Once the BMW i3 city car rolls from the company’s Leipzig plant later this year, it would represent the initial carbon-fiber car which will be made in any quantity-about 40,000 vehicles each year at full output. The lightweight but sturdy nonmetallic structure of your new commuter car, the result of BMW’s joint venture with SGL Technologies in Wiesbaden, will mark a milestone in the growth of carbon-fiber-reinforced plastic (CFRP) materials, that contain traditionally been very costly to use in automotive mass production.
CFRPs are engineered materials which are fabricated by embedding webs of carbon fiber inside molded polymer resins. The fibers bolster the physical properties from the plastic matrix component in the same way that the skeleton of steel rebar strengthens a poured-concrete structure.
Even though i3 electric vehicle (EV) won’t exactly come cheap-estimates run from $40,000 to $50,000-BMW reportedly claims that forthcoming improvements from the production process during the next three to five years should cut carbon composite costs enough to match those of aluminum chassis, which still command a premium over standard steel car frames.
CFRP structures weigh half that relating to steel counterparts plus a third below aluminum ones. Add the inherent corrosion resistance of composites and the ability of purpose-designed, molded components to reduce parts counts by way of a factor of 10, and also the entice automakers is apparent. But despite the advantages of using CFRPs, composites cost considerably more than metals, even allowing for their lighter weight. The high prices have so far limited their use to high-performance vehicles including jet fighters, spacecraft, racecars, racing yachts, exotic sports cars, and notably, the most up-to-date Airbus and Boeing airliners.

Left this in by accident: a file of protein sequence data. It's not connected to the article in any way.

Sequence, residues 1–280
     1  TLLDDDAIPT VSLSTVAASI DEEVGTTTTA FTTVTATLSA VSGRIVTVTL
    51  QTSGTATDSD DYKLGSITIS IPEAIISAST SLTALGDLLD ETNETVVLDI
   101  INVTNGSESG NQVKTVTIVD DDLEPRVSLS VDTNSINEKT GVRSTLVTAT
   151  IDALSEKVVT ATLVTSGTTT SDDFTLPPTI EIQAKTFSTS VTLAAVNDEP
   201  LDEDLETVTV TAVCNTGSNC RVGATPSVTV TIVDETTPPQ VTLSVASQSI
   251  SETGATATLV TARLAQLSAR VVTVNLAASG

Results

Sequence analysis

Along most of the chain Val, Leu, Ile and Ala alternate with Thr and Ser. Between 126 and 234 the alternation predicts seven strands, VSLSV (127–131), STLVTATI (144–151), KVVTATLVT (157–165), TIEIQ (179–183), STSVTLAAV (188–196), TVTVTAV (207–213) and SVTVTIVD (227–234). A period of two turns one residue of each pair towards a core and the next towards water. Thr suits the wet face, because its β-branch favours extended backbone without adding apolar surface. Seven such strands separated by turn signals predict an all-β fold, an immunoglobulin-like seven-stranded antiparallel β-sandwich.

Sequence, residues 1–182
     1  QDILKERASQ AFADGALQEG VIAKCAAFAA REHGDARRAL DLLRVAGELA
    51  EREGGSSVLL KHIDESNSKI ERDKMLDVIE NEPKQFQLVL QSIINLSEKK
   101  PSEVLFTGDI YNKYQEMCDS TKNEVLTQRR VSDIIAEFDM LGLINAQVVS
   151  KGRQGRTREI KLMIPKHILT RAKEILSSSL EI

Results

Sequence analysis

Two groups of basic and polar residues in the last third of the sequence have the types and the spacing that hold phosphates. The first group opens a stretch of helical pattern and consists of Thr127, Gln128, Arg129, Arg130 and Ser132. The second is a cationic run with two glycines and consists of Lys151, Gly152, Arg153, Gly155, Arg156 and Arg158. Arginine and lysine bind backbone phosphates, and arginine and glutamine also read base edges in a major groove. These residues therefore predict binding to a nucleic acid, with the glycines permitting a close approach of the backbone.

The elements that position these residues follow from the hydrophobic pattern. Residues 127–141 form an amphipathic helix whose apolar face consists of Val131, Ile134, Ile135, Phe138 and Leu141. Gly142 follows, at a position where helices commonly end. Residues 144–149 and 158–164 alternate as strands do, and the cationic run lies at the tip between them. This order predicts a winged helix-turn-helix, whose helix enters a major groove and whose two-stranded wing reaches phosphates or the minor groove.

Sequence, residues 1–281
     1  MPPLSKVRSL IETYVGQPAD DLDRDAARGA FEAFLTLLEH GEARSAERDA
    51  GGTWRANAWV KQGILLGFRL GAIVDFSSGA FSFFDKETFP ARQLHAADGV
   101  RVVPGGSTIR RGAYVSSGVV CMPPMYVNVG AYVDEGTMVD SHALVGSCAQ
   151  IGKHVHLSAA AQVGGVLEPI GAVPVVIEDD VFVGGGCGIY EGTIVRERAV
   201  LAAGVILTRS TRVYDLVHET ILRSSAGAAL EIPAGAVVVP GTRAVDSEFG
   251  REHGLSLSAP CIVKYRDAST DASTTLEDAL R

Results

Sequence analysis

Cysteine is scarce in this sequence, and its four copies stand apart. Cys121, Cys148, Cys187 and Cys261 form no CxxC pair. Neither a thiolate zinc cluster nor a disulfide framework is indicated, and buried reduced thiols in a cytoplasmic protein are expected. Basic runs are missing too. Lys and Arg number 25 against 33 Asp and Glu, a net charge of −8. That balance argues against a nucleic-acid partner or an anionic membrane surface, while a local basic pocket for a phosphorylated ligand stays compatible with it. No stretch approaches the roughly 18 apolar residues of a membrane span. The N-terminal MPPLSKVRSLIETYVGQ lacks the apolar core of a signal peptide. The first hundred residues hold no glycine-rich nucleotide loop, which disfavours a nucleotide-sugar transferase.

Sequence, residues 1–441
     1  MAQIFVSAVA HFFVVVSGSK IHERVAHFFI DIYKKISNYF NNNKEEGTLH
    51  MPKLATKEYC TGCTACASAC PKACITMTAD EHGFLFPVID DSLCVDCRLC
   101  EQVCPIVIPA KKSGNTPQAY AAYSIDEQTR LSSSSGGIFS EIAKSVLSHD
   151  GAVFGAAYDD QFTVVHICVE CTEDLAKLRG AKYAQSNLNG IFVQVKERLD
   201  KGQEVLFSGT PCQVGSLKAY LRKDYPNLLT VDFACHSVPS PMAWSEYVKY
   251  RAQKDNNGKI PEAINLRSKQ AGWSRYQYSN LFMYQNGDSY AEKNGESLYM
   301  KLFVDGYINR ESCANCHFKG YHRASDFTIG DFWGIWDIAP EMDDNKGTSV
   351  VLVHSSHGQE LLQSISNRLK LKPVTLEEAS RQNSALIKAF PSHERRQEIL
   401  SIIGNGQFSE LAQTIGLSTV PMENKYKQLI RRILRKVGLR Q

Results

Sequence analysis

Whereas steel is true of between $.80 and $1/kg, and aluminum costs between $2.40 and $2.60/kg, polyester and epoxy resins cover anything from $5 to $15/kg as well as the reinforcing fiber costs an extra $2 to $30/kg, based on quality. To permit cars to get rid of the U.S. government’s fast-approaching 54.5-mpg average fuel-economy bar, automakers along with their suppliers are striving to generate approaches to produce affordable carbon-fiber cars about the mass-scale.
But adapting structural composites to low-cost mass production happens to be a technical and manufacturing challenge, said Ross Kozarsky, Senior Analyst at Lux Research, an unbiased research and consulting firm that concentrates on emerging technologies.
Kozarsky follows composite materials and led a report team that this past year assessed CFRP manufacturing costs and identified potential innovations in each step in the complex process.
“Our methodology is to follow, through visits and interviews, the full value chain from the tow, yarn, and grade level onwards, examining the supplier structure along with the general market costs,” he explained. The Lux team then designed a cost model that mixes material, capital expenditure, infrastructure, labor, and utility consideration as well as the chances for cost reductions.
Although the sporting goods, military, and aerospace industries have traditionally developed and first applied composite materials, the pre-eminence of those segments with regards to sales is ending, Kozarsky said. The wind-turbine business will contend with aerospace for that top market as larger, more-efficient offshore wind-power installations are made.
“It’s more economical to utilize bigger turbine blades, that may just be made using carbon-fiber materials,” he noted.
The Lux report predicted how the global industry for CFRPs will over double from $14.6 billion in 2012 to $36 billion in 2020, as innovative new production technologies lower carbon-fiber costs-the major cost-driver. During the same period, interest in carbon fiber is predicted to go up fourfold from your current 27,000 million ton (24,500 million t) to 110,000 million ton (99,800 million t).